The BBC is calling for a dedicated button to provide a shortcut to its services on all television remote controls. The bid for a special button is part of its formal response to the Draft Media Bill, which among other things seeks to maintain the prominence of public service broadcasters. However, the idea of a special button on remote controls is not currently in its scope.

The United Kingdom Draft Media Bill was published at the end of March and includes proposed provisions to maintain the prominence of public service broadcasters like the BBC.

In its written evidence to the DCMS Committee Inquiry on the Draft Media Bill, the BBC calls it a welcome and urgent intervention that should be passed into law as soon as possible. However, it says the devil is in the detail and it believes additions are required.

Among its suggestions are a dedicated button for public services on remote controls.

Many television products now feature dedicated buttons to provide convenient one-touch access to services like Netflix. These are generally the result of commercial agreements between manufacturers and media service providers. They can also be a benefit to users and a selling feature for products.

A special Netflix button first appeared on remote controls in the United States in 2011. The Netflix red button started to feature on remote controls in products in Europe in 2015. Buttons for other services, including Amazon Prime Video and Disney+, have also started to appear on products.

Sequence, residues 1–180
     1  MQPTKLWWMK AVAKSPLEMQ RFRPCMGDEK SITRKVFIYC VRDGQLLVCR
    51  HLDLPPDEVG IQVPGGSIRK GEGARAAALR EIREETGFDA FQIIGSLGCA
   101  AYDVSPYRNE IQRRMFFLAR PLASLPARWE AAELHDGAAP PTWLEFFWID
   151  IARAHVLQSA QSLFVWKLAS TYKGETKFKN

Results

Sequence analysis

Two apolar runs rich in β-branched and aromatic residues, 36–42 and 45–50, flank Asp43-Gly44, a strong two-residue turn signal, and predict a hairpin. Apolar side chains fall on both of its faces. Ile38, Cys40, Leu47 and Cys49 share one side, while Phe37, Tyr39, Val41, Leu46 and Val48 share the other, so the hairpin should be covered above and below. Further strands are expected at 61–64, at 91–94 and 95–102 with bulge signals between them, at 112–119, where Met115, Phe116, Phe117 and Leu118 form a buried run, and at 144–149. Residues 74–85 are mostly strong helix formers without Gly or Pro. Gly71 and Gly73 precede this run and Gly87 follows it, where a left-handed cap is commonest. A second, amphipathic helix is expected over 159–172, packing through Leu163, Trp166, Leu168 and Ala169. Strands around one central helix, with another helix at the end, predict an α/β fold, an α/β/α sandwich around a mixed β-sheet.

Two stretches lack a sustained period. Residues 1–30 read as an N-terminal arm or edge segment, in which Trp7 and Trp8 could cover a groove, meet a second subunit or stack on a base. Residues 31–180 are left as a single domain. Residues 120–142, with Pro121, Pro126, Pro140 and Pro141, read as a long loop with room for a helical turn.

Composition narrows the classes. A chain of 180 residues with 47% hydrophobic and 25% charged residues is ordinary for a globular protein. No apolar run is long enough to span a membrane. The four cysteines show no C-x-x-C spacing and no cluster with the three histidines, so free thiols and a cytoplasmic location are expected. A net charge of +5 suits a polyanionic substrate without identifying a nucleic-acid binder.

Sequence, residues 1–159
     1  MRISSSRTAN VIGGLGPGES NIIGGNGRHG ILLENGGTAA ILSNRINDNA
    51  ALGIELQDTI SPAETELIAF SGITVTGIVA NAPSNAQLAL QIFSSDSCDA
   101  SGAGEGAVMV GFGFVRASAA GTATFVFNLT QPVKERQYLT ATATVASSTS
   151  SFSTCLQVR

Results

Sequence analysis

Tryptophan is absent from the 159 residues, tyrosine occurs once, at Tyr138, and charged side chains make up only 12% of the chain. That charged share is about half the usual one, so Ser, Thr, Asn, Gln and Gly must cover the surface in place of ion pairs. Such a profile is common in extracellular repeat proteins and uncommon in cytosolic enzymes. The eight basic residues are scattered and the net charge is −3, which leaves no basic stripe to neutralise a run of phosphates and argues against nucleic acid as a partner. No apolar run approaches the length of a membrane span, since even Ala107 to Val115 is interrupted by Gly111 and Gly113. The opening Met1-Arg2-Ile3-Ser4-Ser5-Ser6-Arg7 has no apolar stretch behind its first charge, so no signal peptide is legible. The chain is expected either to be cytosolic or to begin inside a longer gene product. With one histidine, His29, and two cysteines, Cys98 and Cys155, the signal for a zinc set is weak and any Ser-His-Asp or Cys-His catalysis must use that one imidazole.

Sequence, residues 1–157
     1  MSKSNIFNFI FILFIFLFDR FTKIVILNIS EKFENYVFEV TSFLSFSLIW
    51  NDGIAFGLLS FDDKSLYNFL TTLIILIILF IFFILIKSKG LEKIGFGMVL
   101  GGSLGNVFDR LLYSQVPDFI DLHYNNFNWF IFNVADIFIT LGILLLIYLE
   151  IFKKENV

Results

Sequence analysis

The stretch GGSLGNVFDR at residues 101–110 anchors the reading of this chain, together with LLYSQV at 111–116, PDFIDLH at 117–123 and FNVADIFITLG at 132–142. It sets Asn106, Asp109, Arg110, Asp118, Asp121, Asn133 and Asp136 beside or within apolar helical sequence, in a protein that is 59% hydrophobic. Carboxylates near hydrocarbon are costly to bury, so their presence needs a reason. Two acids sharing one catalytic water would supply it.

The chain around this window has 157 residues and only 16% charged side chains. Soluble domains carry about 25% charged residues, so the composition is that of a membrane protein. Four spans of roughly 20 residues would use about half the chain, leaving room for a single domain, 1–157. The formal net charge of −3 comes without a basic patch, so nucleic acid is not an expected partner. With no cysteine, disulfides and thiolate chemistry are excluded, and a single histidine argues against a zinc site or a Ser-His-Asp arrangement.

“Remote controls are a major gateway to content on TV sets and user interfaces — their importance demonstrated by fierce competition between the largest content providers for branded buttons,” the submission suggests.

“There should be a requirement for a dedicated PSB button on remote controls in instances where there are similar buttons for non-PSB audio-visual services, or a direct route to PSB apps from the remote in other instances (such as a long press on a numbered button).”

Anticipating possible objections to this, the BBC says it does not believe that this would contravene international trade rules of the World Trade Organisation. These prohibit measures that are protectionist. The BBC says its suggestion does not favour producers of remote controls from the United Kingdom and it serves a legitimate objective.

The Department for Digital, Culture, Media and Sport appeared to rule out the proposal for a dedicated button.

“Ensuring public service broadcasters such as the BBC are easy to discover in today’s highly competitive media landscape is vital,” the DCMS said in a statement. “Television hardware, such as remote controls, is not in scope of our draft Media Bill, but we will bring in proportionate new rules to make sure public broadcasters’ services are shown prominently in the user interfaces on smart televisions, set-top boxes and similar devices.”

The Draft Media Bill is published by the United Kingdom Government and is available on its web site.